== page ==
Corporate governance practices and levels of transparency dominate investment decisions in Russia. Ninety-one percent of respondents rated corporate governance as “extremely important” or “very important”. Eighty-nine percent assigned the same ratings to transparency. By contrast, several factors traditionally viewed as key selling points for investing in Russia received lower ratings. Only 59 percent of respondents, for example, rated the size of the Russian market and its growth prospects as extremely or very important.
The eclipse of economic growth by the emphasis on governance and transparency seems particularly noteworthy against the backdrop of positive recent announcements on Russia’s economic performance. In Q203, the country’s GDP grew by 7.5 percent, compared to Q103, and by 23 percent compared to Q202. The International Monetary Fund (IMF) has raised its outlook for Russia’s GDP growth to 6 percent from 4 percent for 2003, and from 3.5 percent to 5 percent for 2004. At the same time, the IMF lowered its outlook for GDP growth in the Euro zone, from 1.1 percent to 0.5 percent in 2003 and from 2.3 percent to 1.9 percent in 2004.
Arguably, some observers may have discounted the good economic news in Russia because of skepticism about the way the State Committee on Statistics compiles and analyzes socio-economic data. On the other hand, transparency and governance practices represent undeniable investment risks, respondents argued.
Respondents agreed that the credibility of Russian corporations has improved since the late 1990’s, but apparently not enough. The corporate sector still gets poor or mediocre marks on management credibility, accounting, governance and disclosure practices. For example, 51 percent of the respondents rated the quality of information issued by Russian corporations as “poor” or “very poor,” and 54 percent assigned the same ratings to the timeliness of information.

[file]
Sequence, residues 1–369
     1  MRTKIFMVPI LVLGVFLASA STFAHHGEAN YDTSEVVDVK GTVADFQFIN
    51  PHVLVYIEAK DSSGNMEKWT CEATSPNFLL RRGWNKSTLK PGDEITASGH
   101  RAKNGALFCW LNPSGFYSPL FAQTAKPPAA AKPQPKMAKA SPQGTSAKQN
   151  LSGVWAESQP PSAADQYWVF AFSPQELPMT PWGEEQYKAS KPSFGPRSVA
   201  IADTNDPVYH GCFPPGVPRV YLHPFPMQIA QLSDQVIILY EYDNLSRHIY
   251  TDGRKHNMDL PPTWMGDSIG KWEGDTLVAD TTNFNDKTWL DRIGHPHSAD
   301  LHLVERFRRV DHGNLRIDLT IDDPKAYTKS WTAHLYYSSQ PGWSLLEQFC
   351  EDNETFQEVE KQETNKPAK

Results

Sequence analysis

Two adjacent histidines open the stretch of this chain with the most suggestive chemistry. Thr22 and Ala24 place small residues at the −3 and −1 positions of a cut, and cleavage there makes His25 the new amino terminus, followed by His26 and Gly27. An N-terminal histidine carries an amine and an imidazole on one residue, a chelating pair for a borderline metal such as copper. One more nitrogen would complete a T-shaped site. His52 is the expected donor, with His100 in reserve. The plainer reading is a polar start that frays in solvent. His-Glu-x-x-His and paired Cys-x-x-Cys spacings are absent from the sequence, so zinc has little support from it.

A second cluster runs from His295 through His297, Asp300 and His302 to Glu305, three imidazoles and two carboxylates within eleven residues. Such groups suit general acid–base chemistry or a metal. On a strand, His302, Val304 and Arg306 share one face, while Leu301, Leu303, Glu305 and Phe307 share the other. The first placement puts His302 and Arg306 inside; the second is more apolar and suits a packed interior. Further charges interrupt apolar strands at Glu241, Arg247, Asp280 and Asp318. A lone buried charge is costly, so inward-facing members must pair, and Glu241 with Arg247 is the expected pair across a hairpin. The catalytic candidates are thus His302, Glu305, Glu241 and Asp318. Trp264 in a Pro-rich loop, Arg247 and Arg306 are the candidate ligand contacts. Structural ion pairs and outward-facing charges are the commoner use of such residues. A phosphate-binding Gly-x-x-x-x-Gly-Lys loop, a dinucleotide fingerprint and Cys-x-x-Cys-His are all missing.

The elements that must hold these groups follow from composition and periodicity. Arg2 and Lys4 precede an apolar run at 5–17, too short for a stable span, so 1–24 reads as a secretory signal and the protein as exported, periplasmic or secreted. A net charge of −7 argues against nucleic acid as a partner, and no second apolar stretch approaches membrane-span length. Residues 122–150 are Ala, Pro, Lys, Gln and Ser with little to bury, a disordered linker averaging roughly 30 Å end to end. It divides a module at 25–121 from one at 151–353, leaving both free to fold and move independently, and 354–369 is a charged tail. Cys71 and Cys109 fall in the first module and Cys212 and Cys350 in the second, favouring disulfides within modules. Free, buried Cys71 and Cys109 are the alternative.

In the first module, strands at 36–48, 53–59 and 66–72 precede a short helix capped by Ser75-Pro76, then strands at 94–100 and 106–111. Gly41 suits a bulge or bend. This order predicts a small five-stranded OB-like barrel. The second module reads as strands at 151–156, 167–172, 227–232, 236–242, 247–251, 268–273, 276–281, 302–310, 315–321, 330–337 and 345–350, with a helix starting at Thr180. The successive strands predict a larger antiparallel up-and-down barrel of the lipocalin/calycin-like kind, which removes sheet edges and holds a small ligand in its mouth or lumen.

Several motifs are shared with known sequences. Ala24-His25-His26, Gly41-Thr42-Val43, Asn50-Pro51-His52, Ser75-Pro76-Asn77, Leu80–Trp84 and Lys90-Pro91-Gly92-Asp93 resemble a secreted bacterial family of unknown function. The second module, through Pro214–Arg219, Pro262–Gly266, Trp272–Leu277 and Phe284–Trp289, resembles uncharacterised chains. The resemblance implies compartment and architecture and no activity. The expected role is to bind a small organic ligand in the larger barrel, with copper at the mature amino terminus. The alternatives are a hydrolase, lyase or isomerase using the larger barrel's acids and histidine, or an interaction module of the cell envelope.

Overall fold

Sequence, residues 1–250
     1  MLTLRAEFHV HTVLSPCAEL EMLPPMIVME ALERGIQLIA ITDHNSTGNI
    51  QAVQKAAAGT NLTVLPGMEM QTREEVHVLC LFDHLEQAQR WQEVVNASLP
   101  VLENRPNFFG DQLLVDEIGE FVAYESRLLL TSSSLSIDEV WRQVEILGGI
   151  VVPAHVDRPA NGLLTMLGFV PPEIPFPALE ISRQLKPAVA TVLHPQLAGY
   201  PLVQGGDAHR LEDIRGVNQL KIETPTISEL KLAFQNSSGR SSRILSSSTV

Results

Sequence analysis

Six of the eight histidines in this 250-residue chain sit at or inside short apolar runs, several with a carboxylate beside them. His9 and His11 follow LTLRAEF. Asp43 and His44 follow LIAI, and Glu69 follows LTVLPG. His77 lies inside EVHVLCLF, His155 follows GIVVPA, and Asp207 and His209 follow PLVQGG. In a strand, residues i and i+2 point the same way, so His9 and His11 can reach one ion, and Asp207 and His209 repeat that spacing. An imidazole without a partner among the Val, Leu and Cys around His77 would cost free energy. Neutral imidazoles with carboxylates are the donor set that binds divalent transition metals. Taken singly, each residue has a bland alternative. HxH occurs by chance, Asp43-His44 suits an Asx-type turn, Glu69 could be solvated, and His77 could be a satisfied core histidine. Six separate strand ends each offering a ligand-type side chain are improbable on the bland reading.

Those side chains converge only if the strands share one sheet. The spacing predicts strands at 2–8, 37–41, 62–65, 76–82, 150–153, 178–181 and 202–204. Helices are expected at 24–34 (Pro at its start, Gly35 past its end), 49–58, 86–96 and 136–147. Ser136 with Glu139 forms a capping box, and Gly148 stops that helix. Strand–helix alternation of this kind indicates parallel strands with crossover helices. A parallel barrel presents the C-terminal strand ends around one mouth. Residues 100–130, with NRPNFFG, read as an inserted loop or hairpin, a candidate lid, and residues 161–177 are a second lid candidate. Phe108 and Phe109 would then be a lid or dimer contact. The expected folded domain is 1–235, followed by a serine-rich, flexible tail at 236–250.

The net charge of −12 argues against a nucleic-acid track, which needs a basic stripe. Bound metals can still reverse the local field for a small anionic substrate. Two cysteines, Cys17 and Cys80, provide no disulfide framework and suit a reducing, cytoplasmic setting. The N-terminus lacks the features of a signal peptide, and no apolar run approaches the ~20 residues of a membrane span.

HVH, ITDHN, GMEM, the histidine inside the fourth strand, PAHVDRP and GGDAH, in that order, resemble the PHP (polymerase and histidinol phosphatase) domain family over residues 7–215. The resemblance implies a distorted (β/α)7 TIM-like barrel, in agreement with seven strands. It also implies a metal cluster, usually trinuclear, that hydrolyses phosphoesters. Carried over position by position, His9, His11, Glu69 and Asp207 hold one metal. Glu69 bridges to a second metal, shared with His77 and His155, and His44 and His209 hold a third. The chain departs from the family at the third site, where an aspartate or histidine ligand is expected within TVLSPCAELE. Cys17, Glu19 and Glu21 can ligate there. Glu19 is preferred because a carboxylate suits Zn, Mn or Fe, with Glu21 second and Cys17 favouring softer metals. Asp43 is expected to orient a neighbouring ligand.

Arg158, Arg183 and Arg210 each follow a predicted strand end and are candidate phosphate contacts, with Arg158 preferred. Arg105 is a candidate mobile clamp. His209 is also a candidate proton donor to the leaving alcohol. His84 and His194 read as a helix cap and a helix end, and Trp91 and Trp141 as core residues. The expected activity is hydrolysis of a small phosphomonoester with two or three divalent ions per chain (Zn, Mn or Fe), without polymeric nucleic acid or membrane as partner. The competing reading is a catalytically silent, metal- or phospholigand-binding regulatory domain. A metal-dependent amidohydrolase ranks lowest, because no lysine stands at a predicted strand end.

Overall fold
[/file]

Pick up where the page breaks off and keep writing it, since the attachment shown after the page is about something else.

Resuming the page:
However, respondents were quick to point out that Russia’s progressive business elite – companies such as Yukos, WimmBillDann, Norilsk, to name a few – represent positive exceptions to the generally lackluster performance of Russian corporations. Further, the respondents are overwhelmingly optimistic; 92 percent expect corporate practices to improve “dramatically” or “somewhat” over the next few years.
The recent corporate and NYSE scandals will not do much to diminish the allure of U.S. capital markets for Russian companies, according to 71 percent of the respondents. “A U.S. listing is about access to more funds only, not ‘prestige’ or ‘respectability’”, a sell-side respondent argued. A buy-side respondent echoed this viewpoint: “Scandals are a matter of course in the rest of the world, and this is something others have learned to live with.”
A more compelling threat to the cachet of a U.S. listing could come from other markets, particularly the London Stock Exchange, which has recently intensified its efforts to attract Russian listings. “It’s liquidity that’s important, and London can provide that as well,” noted a buy-side respondent.
Respondents disagreed on how the Sarbanes-Oxley Act would affect the appetite of Russian companies for a U.S. listing. Only 14 percent of U.S.-based respondents expect adverse consequences; 57 percent of this subgroup don’t. By contrast, 43 percent of Russian respondents say the Act will dampen the interest of Russian companies in the U.S. capital markets. Russian respondents were also twice as likely as their U.S. counterparts to support an exemption for non-U.S. issuers from the requirements of Sarbanes Oxley. Twenty-nine percent of the Russian respondents supported the exemption, compared with 14 percent of U.S. respondents. In general, many respondents – Europeans (ex. Russia), in particular — are simply not sure about Sarbanes Oxley’s impact.
ADRs: Preferred But Not Indispensable. Hardly anyone denied the importance of ADR programs and US listings in attracting Western investors. In fact, 98 percent of respondents attach some degree of importance to ADRs and listings – ranging from “important” to “very important.” It came as a bit of a surprise to us that 60 percent of European respondents consider ADRs and listings “very important,” compared to 43 percent of U.S. and Russian respondents.
At the same time, 77 percent of the buy-side respondents said they would invest in the local shares of a Russian company that does not have an ADR program. Not surprisingly, Russian investors are most willing (100 percent) to invest in local Russian shares, followed by European institutions (82 percent), and then U.S. respondents (67 percent).
By the Numbers: Outlook